What about planetary life?
Anyone who writes science fiction—particularly “hard” SF—has to deal with this issue. The fact is, especially in hard SF, this can take many forms…more on that in a minute.
This article discusses a real-world (in this case Mars) situation: http://news.yahoo.com/mars-life-search-hindered-planetary-protection-concerns-scientists-112342935.html and there are concerns we need to address. Do we risk contaminating Mars with Earthly organisms in order to advance our understanding of the planet? Or do we cripple our exploration to protect either the pristine Martian environment or existing Martian life?
But let’s look at these issues from the point of view of an author building a universe…
Just as one example that pretty much everyone will know (as opposed to pulling out some possibly obscure SF references), Star Trek had the Prime Directive. In a nutshell, this directive prevented Kirk (and presumably the rest of Star Fleet) from doing anything to interfere with developing civilizations. And yes, that is exactly what we are talking about. After all, if you infect an entire planet with the rhinovirus and the population has no immunity and they all die, isn’t that interfering with their development?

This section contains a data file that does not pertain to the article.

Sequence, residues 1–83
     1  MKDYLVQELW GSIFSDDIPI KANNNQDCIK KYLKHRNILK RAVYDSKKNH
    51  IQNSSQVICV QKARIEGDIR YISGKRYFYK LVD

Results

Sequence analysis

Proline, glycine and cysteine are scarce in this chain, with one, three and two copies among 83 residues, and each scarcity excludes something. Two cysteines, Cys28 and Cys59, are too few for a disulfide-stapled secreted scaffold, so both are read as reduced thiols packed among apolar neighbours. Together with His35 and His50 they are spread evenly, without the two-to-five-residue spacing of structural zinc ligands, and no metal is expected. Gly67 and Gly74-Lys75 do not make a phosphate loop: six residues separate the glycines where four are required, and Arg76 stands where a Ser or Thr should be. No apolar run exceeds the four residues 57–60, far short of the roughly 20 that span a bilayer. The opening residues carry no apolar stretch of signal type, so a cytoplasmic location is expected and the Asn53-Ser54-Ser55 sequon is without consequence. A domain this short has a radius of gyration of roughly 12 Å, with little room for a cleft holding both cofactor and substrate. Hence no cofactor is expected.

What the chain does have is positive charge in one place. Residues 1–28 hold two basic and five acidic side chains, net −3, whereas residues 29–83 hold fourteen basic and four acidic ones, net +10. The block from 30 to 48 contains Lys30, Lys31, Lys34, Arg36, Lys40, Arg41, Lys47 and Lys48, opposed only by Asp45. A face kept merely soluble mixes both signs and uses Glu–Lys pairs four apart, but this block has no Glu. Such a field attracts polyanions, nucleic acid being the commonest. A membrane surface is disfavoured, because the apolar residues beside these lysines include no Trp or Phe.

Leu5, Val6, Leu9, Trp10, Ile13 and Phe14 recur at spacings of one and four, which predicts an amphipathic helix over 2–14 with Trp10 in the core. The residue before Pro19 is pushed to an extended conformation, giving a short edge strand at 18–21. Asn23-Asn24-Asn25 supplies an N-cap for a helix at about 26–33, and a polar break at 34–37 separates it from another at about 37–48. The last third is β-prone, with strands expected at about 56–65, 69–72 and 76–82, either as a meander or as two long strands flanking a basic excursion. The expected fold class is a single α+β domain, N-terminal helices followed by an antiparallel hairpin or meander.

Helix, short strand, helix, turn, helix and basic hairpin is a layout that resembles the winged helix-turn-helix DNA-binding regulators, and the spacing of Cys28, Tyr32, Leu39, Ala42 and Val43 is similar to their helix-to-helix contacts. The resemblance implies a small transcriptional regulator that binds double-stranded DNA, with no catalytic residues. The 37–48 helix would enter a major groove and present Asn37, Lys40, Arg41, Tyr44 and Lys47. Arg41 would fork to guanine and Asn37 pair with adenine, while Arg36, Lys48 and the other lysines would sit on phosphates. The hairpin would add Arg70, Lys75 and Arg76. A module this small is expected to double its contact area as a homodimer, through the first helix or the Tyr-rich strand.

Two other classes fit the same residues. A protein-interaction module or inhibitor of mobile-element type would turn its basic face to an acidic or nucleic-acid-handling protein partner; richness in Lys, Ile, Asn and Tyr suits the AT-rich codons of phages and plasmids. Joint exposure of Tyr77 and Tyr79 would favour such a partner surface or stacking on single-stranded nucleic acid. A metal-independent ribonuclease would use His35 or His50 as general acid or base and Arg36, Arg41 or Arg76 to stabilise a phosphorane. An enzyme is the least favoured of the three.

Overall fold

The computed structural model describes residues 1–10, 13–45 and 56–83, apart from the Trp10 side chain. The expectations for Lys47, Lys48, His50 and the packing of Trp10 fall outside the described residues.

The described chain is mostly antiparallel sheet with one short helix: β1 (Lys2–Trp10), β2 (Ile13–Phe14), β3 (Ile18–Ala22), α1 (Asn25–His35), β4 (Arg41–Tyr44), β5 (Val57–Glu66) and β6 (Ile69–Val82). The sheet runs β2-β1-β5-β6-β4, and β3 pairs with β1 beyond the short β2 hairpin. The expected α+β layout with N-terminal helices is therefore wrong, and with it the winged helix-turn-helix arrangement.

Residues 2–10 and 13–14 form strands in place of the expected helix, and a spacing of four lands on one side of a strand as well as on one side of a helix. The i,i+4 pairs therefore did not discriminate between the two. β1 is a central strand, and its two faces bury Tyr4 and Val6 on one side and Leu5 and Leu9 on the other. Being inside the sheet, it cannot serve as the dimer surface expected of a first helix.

In my Immortal Love Universe™ (the setting for all of my books with Siren/BookStrand) the issue of protecting existing life has been hinted at but not directly addressed in the released stories. All of the current works take place very far in the future, so there are few pristine planets left for such first contact. In the Flights of Fancy series, there are first contacts with existing civilizations, but the attitude of the Empire is that interference is sometimes needed. The problem is that the Immortal Love Universe™ starts in about 1950 AD and runs for about 22 billion years. No, that’s not a typo. Billion. There’s plenty of room and time for expansion of these details.
And I would be remiss if I didn’t expand this idea just a little. The same concept applies to contact between any two differing cultures…say Native Americans and Europeans. Yeah…that went well.
I really have several questions for those reading this…
For readers and authors alike, what should we do about Mars? How much science do we sacrifice to protect the Martian environment, or, how much of the Martian environment do we sacrifice for the sake of science?
For readers only, how should an author handle this in a story (or group of stories)? Do you even care?
And lastly, for authors, how do you deal with the concept in the tales you spin?
What say you?